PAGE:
Tim Ferriss became something of a guru in peak performance with the release of his bestselling book The 4-Hour Work Week, and people have looked to him for hints and tips for managing time and stress ever since. In a recent episode of his podcast, The Tim Ferriss Show, the author responded to several listener questions about what his current daily routine looks like, and revealed that he has learned to know when “overdoing” it can actually be a detriment rather than an asset.
He begins each morning with 20 minutes of transcendental meditation, before making coffee or tea. “From that point on, it really depends on the day,” he said. “So I organize my week in a thematic approach, meaning, rather than taking the five types of activities that I need or want to cover each week and spreading them throughout each day, I tend to have a day dedicated to different types of work.”
“So Tuesday will involve lots and lots of phone calls, or at least that’s when I’ll batch my phone calls with my team and with other people. So very frequently, I will not do any type of journaling on that day, but start walking and talking. So I’ll get a lot of my sun exposure on Tuesdays, and so on and so forth. So it really depends on the day. There could be writing following decaffeination. There could be exercise.”
As far as his fitness regime goes, Ferriss does one or two 45-minute weights workouts per week. He keeps his weight training fairly simple, describing them as “for the purpose of injury prevention, first and foremost, not performance enhancement.” The majority of his exercise comes from rock climbing and AcroYoga, both of which he does twice a week.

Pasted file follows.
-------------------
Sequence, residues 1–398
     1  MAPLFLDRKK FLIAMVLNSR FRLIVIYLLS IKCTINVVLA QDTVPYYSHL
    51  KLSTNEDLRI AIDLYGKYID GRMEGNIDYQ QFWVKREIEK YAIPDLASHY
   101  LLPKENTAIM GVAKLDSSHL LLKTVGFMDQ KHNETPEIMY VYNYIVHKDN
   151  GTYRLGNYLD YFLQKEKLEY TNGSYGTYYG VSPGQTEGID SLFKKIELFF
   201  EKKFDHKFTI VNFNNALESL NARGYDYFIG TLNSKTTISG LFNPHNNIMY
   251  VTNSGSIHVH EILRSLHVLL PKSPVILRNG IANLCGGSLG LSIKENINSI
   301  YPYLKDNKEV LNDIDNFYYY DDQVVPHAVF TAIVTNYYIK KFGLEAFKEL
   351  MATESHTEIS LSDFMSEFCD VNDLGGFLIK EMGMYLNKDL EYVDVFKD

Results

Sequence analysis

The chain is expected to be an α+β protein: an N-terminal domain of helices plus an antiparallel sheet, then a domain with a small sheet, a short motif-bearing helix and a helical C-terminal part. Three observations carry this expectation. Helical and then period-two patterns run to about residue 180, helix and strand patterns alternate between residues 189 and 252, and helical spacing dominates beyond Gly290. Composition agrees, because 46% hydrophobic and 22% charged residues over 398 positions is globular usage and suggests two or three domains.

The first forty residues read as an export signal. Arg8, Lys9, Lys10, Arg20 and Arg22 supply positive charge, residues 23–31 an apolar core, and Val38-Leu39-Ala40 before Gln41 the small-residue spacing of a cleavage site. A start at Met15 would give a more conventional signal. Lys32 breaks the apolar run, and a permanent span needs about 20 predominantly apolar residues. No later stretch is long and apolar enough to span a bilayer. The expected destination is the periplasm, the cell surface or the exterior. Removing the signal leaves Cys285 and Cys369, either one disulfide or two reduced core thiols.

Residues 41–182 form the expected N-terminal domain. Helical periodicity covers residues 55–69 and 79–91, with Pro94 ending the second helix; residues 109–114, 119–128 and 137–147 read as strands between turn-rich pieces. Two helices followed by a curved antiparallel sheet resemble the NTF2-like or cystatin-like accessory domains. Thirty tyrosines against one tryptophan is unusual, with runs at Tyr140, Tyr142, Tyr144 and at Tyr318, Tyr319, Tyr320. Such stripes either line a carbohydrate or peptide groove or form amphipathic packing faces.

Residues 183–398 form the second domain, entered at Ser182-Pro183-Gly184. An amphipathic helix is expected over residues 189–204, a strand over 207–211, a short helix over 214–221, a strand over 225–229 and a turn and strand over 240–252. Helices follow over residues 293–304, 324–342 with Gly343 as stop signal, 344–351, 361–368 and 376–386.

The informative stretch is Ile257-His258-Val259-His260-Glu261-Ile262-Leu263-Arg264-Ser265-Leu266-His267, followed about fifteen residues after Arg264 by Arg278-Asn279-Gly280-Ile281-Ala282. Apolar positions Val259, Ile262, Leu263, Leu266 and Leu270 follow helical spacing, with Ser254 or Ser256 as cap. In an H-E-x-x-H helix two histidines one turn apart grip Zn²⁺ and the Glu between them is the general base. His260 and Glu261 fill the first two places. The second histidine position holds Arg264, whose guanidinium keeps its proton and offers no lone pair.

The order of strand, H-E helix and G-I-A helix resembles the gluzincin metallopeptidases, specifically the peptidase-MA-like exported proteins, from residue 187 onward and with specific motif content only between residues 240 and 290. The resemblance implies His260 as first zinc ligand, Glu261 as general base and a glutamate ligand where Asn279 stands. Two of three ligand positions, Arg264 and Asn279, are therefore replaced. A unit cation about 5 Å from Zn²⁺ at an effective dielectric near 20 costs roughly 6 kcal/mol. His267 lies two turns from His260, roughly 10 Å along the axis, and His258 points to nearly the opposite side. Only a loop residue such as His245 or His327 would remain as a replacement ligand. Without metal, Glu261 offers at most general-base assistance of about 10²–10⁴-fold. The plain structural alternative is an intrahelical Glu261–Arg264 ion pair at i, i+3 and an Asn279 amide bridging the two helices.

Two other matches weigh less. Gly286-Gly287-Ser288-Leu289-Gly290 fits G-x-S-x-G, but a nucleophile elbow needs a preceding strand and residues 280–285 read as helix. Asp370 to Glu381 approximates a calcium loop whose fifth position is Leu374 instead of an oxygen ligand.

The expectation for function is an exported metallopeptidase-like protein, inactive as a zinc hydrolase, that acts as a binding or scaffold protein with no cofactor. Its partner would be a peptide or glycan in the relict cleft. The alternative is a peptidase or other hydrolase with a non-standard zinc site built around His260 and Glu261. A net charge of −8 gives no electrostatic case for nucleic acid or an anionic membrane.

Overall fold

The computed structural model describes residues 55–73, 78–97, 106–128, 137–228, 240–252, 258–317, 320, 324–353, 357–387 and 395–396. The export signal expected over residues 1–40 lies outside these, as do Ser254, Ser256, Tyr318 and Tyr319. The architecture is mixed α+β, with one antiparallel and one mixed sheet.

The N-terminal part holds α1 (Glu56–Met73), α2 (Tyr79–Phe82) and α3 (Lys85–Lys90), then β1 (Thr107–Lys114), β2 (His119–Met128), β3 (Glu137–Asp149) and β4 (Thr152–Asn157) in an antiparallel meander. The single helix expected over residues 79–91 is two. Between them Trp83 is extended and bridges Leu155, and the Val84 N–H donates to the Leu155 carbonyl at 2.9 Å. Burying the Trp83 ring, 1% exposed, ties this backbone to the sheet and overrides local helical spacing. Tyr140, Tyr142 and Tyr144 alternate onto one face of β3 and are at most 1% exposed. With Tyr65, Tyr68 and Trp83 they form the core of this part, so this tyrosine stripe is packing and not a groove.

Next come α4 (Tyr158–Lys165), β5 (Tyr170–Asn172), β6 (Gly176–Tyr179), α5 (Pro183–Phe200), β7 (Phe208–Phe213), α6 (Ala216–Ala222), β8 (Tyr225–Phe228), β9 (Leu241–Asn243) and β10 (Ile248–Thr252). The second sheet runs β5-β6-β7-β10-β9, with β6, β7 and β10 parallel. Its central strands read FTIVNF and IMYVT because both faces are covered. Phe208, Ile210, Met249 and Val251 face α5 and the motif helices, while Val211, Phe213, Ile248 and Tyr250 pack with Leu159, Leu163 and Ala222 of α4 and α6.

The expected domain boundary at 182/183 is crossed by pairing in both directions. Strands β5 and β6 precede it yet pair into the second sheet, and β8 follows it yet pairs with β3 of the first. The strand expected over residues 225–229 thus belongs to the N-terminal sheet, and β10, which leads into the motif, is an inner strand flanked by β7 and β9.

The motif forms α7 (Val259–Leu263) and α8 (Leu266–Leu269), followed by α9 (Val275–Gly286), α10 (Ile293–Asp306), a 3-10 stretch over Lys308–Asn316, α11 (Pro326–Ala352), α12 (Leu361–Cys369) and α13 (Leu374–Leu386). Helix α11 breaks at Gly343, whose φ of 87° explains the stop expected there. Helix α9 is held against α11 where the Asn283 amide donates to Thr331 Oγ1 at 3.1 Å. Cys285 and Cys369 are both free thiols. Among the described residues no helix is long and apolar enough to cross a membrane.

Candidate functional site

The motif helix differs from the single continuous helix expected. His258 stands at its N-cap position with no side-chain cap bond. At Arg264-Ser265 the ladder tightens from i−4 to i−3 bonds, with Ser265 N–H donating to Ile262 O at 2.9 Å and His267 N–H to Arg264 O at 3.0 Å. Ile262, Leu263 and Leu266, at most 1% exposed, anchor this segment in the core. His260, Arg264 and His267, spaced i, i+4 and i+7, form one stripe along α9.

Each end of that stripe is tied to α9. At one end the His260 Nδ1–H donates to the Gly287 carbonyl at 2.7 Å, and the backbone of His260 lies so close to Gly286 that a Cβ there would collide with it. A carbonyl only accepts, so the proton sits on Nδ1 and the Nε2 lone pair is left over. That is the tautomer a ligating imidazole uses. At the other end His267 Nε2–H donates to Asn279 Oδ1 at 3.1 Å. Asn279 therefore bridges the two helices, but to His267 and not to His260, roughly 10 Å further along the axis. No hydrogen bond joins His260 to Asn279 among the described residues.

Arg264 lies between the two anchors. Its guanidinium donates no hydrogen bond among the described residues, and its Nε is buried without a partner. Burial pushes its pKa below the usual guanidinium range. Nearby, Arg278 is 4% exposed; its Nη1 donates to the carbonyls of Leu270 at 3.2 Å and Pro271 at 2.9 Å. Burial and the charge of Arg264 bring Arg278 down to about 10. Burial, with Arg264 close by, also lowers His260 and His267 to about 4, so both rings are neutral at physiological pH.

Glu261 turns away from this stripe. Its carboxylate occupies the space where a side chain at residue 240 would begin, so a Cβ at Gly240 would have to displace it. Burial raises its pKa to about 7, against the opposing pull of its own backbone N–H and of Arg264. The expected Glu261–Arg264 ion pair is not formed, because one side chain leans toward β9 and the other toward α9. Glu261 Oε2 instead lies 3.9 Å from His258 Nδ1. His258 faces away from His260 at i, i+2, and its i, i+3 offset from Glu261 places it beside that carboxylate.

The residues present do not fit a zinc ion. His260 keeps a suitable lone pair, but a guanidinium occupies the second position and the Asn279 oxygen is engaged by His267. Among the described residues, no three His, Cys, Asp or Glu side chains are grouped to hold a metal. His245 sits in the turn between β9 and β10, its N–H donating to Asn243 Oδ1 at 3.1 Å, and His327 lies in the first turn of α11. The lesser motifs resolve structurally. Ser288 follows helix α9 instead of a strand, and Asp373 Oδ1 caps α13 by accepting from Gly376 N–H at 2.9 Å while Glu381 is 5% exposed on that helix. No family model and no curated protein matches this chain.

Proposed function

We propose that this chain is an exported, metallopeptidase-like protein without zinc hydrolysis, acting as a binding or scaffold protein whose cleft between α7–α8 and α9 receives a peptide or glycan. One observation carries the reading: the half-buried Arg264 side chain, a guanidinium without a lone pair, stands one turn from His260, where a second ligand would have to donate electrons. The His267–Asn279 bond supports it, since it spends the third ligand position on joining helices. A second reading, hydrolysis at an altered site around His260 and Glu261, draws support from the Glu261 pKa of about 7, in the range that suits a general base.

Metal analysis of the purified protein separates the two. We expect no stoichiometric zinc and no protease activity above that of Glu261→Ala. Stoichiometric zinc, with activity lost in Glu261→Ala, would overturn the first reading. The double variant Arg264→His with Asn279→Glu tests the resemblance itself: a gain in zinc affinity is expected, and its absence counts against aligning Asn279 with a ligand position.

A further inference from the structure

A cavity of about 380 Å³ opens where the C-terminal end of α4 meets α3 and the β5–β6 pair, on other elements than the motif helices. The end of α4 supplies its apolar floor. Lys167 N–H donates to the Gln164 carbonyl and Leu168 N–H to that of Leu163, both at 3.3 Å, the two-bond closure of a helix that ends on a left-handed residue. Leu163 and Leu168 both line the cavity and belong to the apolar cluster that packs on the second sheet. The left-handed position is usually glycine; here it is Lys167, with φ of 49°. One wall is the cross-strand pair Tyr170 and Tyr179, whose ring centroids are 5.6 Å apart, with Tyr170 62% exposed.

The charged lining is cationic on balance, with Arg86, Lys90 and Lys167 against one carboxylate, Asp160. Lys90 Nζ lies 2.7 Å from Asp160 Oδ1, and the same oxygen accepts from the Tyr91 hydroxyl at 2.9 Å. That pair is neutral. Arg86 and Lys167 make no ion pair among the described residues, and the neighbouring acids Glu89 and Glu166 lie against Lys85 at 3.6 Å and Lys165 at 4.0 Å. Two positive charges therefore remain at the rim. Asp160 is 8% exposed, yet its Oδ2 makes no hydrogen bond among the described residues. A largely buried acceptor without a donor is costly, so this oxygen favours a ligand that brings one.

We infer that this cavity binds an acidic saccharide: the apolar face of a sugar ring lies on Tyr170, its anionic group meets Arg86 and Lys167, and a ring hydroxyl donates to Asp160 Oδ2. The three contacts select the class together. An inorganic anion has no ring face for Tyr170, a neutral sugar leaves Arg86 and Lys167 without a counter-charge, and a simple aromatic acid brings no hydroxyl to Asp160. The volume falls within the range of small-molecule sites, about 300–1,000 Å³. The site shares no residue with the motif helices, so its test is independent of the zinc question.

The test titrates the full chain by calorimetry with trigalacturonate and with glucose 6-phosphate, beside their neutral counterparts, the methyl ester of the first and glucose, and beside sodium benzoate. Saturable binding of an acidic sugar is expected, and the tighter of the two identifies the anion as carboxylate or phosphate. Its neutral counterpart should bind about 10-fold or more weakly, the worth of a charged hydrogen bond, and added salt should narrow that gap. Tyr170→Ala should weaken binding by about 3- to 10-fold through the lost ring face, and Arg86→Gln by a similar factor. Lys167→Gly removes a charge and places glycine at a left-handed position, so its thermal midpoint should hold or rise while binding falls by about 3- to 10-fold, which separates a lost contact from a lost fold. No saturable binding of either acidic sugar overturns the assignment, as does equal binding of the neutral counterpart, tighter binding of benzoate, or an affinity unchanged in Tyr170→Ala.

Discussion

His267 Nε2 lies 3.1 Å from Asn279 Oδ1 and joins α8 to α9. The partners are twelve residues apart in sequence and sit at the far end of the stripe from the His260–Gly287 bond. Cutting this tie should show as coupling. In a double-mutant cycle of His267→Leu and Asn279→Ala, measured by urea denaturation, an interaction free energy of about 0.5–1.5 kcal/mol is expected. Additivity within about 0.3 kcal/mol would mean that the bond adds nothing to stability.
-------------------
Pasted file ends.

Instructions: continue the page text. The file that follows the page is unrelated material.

Ferriss began this acrobatic wellness practice with his partner during quarantine. Each session would involve up to an hour of “inversion practice” including handstands and forearm stands. “Then we do what is known as L-basing, where I’m on my back holding my girlfriend in the air with my feet and hands, and we have different roles and responsibilities in that dynamic, and then doing some version of thigh massage, often with traction towards the end of that workout,” he explains. “It’s the combination of these sympathetic activation and parasympathetic off-ramp that I think leads to a great sense of well-being, physically and emotionally for the rest of the day.”
He complements this push-based AcroYoga work with climbing, which focuses primarily on pulling motions. “I find that that tends to balance out the, say, antagonistic muscle groups, so that you don’t develop, if you approach it in a moderate way, which I am, you don’t develop the repetitive stress, pain, and injuries that have plagued me for most of my life by the virtue of overdoing things or I should say the vice of overdoing things,” he says. “So even though my body might be able to handle climbing three or four times a week, I’m limiting myself to twice a week, and that has been fantastic.”
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